Commonwealth leaders will meet behind closed doors later to discuss whether the Prince of Wales should succeed his mother as head of the 53-nation body.
On Thursday the Queen endorsed Prince Charles as future leader at the Commonwealth Heads of Government Meeting (CHOGM) at Buckingham Palace.
She said it was her sincere wish that he takes over one day.
But the role is not hereditary and will not pass automatically to the Prince of Wales on the Queen’s death.
The leaders are expected to approve the move when they meet at Windsor Castle, but there has been no confirmation on whether there will be an announcement following the meeting.
BBC diplomatic correspondent James Landale said there had been some suggestions that the position should be rotated around member states.
Meanwhile, South African President Cyril Ramaphosa has cut short his attendance at the summit in London to deal with violent protests at home.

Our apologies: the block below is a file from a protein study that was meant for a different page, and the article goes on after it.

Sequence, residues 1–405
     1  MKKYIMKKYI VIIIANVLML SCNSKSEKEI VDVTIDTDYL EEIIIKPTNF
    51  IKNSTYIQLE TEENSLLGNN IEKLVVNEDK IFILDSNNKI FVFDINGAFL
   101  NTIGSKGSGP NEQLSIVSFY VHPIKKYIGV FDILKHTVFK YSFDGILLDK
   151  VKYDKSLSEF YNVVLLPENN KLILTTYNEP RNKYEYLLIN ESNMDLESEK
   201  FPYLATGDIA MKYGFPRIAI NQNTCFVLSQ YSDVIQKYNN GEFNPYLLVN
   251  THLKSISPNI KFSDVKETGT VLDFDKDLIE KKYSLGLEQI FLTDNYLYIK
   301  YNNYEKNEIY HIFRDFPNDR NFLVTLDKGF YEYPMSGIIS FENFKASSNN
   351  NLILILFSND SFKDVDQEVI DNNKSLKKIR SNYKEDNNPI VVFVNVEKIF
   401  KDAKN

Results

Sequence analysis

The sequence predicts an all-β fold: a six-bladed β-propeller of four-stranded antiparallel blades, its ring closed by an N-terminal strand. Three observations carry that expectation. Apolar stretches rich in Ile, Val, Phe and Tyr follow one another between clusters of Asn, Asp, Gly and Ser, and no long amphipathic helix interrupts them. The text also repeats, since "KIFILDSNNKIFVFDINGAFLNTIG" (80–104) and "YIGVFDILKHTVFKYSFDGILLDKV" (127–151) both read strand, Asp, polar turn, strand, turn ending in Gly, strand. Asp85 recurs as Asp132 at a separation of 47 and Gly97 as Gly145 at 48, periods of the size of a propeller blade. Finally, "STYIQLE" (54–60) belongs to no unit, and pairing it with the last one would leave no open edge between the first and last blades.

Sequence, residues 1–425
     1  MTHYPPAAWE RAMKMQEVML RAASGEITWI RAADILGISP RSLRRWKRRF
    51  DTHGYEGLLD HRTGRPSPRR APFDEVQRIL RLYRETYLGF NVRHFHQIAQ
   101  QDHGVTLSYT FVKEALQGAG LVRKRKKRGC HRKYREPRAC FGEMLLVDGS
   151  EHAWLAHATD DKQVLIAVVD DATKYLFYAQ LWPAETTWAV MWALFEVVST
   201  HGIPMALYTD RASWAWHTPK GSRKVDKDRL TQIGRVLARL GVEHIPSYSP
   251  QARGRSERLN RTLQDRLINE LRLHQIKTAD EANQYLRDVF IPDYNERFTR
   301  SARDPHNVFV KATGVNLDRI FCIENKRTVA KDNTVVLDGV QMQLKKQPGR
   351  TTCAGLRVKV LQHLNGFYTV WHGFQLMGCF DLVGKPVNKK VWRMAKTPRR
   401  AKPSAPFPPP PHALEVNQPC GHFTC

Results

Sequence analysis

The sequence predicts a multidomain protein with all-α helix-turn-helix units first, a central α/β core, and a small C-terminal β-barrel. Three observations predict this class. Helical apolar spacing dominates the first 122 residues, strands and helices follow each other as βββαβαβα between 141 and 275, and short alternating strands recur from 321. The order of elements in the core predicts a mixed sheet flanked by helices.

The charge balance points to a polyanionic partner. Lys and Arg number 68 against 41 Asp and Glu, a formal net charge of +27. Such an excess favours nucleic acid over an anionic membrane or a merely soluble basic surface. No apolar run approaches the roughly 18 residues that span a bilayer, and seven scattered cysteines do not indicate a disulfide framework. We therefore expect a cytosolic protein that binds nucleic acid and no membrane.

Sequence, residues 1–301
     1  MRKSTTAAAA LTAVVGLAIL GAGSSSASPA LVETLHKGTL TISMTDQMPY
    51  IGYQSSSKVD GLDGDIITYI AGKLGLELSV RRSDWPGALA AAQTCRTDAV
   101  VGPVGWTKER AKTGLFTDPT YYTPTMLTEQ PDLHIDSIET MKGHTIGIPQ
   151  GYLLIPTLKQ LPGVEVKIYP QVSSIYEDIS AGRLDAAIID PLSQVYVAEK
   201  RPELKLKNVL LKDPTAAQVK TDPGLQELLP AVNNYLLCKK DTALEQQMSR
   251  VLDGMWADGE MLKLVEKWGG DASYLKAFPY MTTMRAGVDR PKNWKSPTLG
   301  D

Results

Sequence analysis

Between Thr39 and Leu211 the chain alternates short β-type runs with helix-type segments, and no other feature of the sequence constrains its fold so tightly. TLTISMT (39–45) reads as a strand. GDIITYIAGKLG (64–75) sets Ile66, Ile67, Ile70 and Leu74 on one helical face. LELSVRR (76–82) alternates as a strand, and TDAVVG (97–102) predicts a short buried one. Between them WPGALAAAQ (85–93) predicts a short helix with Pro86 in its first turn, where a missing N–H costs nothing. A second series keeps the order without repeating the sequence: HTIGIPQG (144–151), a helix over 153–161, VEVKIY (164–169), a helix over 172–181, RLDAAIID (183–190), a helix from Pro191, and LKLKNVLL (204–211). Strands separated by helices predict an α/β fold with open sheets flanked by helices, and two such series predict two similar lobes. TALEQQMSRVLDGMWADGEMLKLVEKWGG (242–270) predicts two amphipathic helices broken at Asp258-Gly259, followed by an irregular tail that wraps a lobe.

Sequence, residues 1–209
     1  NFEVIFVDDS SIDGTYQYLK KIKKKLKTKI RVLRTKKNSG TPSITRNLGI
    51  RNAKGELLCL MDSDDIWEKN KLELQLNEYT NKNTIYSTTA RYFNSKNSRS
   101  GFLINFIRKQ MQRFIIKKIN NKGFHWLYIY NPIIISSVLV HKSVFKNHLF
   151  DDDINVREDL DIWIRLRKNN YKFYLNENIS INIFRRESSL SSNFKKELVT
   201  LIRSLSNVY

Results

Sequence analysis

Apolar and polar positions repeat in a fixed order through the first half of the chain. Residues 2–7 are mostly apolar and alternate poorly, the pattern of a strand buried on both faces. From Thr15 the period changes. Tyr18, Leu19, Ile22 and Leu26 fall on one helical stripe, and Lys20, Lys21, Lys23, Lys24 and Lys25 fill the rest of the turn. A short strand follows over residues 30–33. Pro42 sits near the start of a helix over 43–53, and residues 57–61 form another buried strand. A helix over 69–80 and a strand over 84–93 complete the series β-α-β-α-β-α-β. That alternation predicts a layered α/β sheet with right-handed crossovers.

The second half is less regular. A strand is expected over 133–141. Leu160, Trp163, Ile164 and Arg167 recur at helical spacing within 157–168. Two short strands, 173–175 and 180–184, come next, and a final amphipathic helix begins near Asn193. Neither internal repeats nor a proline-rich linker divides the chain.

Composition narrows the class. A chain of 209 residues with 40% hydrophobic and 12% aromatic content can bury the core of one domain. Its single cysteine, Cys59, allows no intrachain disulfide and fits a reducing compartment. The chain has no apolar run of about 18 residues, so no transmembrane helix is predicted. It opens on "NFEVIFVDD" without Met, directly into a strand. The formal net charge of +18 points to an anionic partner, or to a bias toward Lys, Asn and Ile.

Clashes have taken place in North West province where protesters are demanding jobs, housing and an end to corruption.
Opening the summit on Thursday, the Queen said It is my sincere wish that the Commonwealth will continue to offer stability and continuity for future generations, and will decide that one day the Prince of Wales should carry on the important work started by my father in 1949.
The body’s out going chair-in-office, Maltese prime minister Joseph Muscat, told delegates We are certain that, when he will be called upon to do so, he will provide solid and passionate leadership for our Commonwealth.
Prime Minister Theresa May and Canadian PM Justin Trudeau have given their backing to Prince Charles.
Other issues under discussion at the two-day summit include ocean conservation, cyber security, and trade between the countries.
The ceremony is being attended by 46 Commonwealth heads of government, out of the 53 member states, with the remaining attendees being foreign ministers.
The Commonwealth represents about 2.4bn people, but critics say the organisation is so disparate that it struggles to know what it is for, BBC royal correspondent Jonny Dymond said.
News Source BBCNews